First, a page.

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Elisabeth Meyer Kimmel, a member of the First Busey board of directors and an officer in the Meyer Charitable Foundation, was among 50 businesspeople and celebrities charged by federal authorities Tuesday, March 12, 2019, in a wide-ranging scandal involving bribes for college admissions.

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CHAMPAIGN — A day after four more parents pleaded guilty in the wide-ranging college admissions scandal, federal prosecutors filed new charges against 11 parents who haven't, including former First Busey board member Elisabeth Kimmel.

After she was arrested in California, where she has a home, Kimmel pleaded not guilty in April to charges of conspiracy to commit mail fraud and money laundering.

The new charge alleges she and the other parents "conspired to commit federal program bribery by bribing employees of the University of Southern California to facilitate their children's admission," according to federal prosecutors. "In exchange for the bribes, employees of the university allegedly designated the defendants’ children as athletic recruits — with little or no regard for their athletic abilities — or as members of other favored admissions categories."

Kimmel is accused of paying nearly $500,000 to the Key Worldwide Foundation, which prosecutors say was a phony organization that passed payments on to coaches and athletic directors at elite universities.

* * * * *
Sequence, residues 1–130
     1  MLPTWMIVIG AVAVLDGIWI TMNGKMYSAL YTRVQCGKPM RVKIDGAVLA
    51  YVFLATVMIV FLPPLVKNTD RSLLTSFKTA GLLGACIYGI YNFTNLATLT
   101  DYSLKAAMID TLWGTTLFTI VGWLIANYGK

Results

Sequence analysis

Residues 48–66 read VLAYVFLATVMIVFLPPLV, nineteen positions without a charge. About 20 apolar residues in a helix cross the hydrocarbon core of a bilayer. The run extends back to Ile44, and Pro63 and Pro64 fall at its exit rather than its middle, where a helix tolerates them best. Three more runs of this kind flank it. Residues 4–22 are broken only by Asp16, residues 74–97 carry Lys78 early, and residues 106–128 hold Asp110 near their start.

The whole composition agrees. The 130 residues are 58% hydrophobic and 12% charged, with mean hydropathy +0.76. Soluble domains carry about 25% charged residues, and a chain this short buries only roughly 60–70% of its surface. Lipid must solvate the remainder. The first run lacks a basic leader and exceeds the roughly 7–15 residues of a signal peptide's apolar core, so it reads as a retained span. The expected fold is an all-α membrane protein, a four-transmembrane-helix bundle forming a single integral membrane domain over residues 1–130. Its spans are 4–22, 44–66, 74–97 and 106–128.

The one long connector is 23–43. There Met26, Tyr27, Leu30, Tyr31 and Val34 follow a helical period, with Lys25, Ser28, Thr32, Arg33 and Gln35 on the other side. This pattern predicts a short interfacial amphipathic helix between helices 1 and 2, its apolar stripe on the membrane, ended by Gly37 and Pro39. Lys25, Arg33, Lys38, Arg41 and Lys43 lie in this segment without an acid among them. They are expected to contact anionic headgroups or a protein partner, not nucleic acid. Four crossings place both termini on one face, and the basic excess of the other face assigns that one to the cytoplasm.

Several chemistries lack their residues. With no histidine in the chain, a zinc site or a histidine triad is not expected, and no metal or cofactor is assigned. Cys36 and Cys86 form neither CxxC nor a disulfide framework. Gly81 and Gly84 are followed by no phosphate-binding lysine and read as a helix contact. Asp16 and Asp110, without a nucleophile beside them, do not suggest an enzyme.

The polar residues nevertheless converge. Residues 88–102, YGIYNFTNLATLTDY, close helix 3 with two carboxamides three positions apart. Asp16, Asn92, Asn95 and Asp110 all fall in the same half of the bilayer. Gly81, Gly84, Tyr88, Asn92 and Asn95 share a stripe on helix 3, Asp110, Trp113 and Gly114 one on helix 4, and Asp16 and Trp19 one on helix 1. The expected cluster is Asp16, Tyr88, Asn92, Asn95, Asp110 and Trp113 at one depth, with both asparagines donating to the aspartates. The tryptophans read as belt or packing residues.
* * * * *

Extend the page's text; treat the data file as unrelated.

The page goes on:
Kimmel, 55, allegedly paid $275,000 in 2013 to help her daughter get into Georgetown University as a purported tennis athlete and $200,000 in 2018 to help her son get into the University of Southern California as a purported pole vaulter.

Neither of her children played those sports in college, according to prosecutors, who allege her son was confused when an advisor asked about his status as a track athlete.

Many of the parents allegedly made similar payments, filing personal tax returns listing the payments as donations, according to prosecutors.

In Kimmel's case, she allegedly made the payments through her family's charity, the Meyer Charitable Foundation. She serves as its assistant secretary.

In the case of Kimmel's son, prosecutors said the Meyer Charitable Foundation made a $50,000 donation to the USC Women's Athletics Board with a check signed by Greg Kimmel, and a $200,000 payment to KWF with a check signed by Elisabeth Kimmel.

The donations show up on the Meyer Charitable Foundation's publicly available tax forms and are marked as charitable donations.

Under the new charge, Kimmel faces a maximum sentence of five years in prison, three years of supervised release and fines up to twice the amount of money laundered, if convicted. The previous charges each have maximum sentences of 20 years in prison, three years of supervised release and fines up to twice the amount of the money laundered.

Two days after Kimmel was charged in March, she resigned from the First Busey board of directors, which she joined last year.

Kimmel was the second-largest First Busey shareholder on the board, which her dad, August "Chris" Meyer Jr., served on from 1962 until earlier this year, when he had a previously-planned retirement.

The Meyer family ran Midwest Television, which owned WCIA-TV until 1999, and last year completed the $325 million sale of its San Diego TV and radio stations.